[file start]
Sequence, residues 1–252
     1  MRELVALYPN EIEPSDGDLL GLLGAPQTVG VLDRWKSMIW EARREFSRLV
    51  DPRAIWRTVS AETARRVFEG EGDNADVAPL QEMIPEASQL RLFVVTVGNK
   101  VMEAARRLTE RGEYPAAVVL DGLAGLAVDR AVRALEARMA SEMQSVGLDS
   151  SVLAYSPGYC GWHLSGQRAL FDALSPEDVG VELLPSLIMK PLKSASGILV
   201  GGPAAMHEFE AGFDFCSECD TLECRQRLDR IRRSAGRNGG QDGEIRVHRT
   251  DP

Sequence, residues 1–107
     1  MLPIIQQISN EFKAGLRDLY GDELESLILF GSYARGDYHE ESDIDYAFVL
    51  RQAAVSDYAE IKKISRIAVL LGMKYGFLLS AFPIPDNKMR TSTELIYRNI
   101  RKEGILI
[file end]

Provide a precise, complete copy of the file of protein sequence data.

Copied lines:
Sequence, residues 1–252
     1  MRELVALYPN EIEPSDGDLL GLLGAPQTVG VLDRWKSMIW EARREFSRLV
    51  DPRAIWRTVS AETARRVFEG EGDNADVAPL QEMIPEASQL RLFVVTVGNK
   101  VMEAARRLTE RGEYPAAVVL DGLAGLAVDR AVRALEARMA SEMQSVGLDS
   151  SVLAYSPGYC GWHLSGQRAL FDALSPEDVG VELLPSLIMK PLKSASGILV
   201  GGPAAMHEFE AGFDFCSECD TLECRQRLDR IRRSAGRNGG QDGEIRVHRT
   251  DP

Sequence, residues 1–107
     1  MLPIIQQISN EFKAGLRDLY GDELESLILF GSYARGDYHE ESDIDYAFVL
    51  RQAAVSDYAE IKKISRIAVL LGMKYGFLLS AFPIPDNKMR TSTELIYRNI
   101  RKEGILI